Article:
I Am Alfonso Jones

By Booklist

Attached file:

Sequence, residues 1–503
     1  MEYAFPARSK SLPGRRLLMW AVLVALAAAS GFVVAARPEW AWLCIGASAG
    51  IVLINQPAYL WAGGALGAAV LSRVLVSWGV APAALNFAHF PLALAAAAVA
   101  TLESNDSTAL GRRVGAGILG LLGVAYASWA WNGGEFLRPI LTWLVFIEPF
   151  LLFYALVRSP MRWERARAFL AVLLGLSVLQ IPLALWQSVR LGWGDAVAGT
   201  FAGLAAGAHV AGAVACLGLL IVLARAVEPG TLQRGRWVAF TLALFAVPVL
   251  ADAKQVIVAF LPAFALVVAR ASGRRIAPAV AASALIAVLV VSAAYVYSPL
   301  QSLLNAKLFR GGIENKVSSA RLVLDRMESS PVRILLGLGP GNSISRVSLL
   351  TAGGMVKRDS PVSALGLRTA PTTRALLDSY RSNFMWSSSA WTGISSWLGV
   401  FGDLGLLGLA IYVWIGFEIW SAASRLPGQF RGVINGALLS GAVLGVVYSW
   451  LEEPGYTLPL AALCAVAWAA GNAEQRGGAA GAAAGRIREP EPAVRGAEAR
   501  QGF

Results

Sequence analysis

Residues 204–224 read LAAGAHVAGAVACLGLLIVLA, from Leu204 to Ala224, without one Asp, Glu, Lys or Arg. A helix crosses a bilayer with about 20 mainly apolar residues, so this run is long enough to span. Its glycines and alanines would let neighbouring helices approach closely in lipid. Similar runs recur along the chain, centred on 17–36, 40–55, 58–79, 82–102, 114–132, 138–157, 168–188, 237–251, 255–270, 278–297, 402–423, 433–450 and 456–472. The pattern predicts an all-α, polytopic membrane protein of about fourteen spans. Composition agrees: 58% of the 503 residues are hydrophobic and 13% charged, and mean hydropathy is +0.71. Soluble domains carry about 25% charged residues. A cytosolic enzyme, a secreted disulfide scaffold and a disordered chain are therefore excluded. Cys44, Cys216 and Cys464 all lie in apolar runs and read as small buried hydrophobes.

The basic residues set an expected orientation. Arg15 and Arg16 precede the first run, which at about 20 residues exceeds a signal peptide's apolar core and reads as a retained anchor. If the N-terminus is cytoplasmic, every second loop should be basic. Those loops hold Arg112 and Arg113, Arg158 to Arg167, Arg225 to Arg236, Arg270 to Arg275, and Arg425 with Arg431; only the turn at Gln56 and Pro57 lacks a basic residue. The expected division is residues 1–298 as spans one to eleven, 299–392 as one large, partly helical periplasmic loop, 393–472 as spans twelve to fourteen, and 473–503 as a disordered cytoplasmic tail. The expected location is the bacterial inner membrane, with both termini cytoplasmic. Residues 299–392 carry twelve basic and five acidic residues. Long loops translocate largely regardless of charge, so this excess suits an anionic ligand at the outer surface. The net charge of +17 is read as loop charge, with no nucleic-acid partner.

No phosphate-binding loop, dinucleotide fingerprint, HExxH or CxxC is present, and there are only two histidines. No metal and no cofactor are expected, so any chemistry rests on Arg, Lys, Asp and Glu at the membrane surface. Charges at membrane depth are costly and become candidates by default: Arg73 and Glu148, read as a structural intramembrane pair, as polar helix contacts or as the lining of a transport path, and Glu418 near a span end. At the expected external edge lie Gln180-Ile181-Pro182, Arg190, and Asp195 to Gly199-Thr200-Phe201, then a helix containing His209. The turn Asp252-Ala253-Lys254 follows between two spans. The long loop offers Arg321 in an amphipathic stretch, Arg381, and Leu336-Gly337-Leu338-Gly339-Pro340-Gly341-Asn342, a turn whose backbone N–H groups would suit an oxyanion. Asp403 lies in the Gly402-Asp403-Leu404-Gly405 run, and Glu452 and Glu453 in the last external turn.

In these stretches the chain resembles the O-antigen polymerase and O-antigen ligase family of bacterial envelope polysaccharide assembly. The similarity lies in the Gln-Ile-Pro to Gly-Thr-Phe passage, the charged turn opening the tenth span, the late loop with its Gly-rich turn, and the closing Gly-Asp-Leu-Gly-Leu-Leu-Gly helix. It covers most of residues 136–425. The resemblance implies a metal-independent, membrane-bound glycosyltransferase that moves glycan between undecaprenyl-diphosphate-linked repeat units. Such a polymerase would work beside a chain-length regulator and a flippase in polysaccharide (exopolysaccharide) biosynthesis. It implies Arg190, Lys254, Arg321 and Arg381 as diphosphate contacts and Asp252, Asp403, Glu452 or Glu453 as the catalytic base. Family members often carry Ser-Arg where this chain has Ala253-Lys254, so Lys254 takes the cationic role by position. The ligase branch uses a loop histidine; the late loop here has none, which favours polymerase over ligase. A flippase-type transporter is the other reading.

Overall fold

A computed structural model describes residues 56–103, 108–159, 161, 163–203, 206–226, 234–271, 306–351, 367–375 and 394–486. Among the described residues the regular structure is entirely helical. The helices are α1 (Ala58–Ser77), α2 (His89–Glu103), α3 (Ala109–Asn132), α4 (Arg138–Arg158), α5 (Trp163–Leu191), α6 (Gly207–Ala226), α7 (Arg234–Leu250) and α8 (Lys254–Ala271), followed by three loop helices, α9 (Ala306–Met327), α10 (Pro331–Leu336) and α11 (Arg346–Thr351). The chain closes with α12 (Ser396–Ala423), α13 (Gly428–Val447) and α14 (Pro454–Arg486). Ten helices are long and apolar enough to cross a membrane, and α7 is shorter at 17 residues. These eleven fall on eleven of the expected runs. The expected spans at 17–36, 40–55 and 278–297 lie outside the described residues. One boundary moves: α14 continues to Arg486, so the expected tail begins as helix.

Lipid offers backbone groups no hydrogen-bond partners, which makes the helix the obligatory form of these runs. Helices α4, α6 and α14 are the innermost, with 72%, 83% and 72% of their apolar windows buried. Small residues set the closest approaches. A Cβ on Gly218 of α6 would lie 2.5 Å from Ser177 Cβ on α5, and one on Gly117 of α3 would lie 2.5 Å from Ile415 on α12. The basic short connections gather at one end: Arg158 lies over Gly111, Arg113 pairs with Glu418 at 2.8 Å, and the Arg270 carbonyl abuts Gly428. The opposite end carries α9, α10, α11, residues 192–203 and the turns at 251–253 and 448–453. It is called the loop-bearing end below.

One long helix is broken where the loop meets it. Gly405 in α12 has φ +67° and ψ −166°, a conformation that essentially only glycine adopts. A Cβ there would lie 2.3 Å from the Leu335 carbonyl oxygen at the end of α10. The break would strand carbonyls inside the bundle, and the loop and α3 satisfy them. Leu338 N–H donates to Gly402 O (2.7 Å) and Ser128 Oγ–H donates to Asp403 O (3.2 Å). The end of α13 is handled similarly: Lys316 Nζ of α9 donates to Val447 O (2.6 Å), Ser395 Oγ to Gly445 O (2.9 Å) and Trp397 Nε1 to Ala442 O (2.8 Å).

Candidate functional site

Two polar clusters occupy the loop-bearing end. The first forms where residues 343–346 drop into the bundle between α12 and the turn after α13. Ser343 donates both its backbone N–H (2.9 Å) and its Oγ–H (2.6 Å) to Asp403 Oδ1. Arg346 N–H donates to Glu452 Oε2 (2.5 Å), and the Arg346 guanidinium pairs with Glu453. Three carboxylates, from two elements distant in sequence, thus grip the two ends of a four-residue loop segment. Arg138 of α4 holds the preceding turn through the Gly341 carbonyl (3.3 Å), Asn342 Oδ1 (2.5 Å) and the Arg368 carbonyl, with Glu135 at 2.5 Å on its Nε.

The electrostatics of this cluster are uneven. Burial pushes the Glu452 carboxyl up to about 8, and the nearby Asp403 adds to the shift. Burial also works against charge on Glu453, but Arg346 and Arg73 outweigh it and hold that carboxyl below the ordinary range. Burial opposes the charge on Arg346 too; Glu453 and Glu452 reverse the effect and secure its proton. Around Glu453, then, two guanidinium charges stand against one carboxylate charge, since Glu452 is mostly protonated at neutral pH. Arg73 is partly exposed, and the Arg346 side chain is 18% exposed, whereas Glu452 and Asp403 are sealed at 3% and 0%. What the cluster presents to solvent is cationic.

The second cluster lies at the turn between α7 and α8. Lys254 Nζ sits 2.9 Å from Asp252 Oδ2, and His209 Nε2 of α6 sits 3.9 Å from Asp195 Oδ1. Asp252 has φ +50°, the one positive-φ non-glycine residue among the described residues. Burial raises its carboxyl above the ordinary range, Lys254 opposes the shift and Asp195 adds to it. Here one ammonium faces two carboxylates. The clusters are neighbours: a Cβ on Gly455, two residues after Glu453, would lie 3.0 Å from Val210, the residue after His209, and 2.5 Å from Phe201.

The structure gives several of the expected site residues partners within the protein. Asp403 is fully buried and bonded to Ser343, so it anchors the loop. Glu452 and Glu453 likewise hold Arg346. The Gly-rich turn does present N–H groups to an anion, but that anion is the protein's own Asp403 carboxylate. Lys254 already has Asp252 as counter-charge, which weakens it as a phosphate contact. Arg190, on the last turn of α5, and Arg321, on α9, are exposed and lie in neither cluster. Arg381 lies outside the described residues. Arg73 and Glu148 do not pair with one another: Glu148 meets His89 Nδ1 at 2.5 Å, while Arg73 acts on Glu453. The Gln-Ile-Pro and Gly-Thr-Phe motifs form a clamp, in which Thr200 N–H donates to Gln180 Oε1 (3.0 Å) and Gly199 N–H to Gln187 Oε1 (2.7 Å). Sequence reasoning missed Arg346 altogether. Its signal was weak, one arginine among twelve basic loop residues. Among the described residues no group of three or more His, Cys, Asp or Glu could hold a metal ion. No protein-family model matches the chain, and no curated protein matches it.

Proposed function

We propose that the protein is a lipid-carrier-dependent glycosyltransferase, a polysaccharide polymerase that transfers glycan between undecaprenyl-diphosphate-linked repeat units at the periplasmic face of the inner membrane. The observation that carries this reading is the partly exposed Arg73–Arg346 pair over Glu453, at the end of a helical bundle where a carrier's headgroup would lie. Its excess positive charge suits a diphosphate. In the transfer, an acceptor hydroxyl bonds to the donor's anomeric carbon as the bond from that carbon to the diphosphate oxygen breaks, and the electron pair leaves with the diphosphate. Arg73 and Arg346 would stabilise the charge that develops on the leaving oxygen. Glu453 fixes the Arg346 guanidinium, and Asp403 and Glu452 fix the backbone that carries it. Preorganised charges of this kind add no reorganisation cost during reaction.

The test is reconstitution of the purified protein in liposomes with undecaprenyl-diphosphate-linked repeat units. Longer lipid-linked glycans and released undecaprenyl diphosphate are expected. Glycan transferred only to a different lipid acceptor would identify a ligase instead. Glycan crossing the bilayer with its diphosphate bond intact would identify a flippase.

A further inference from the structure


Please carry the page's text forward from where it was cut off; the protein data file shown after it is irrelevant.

Alfonso—black teenager, gifted student, the son of a wrongfully imprisoned father—is shot dead by a police officer. His crime? Shopping for his first suit to celebrate his father’s release. Alfonso awakens on a purgatorial ghost subway. There “ancestors”—spirits of past victims of racial violence—guide him through his life, his parents’ lives, even the life of the officer who shot him, as well as showing him the consequences (and lack of consequences) that follow his death. Medina, likewise, guides readers through the world that contemporary African Americans live in, a world where justice does not seem to exist. Yet, he preserves a thoughtful perspective and a sense of balanced humanity through Alfonso’s loving family and his school cohort, and he staves off suffocating solemnity with a lyrical turn of phrase and insightful allusions to literary ghosts. The illustrators evoke honest emotion but allow figures to burst with an animated energy that offsets the high verbosity. Warning: there are no happy endings here. The book ends, but Alfonso’s purgatorial quest for justice does not.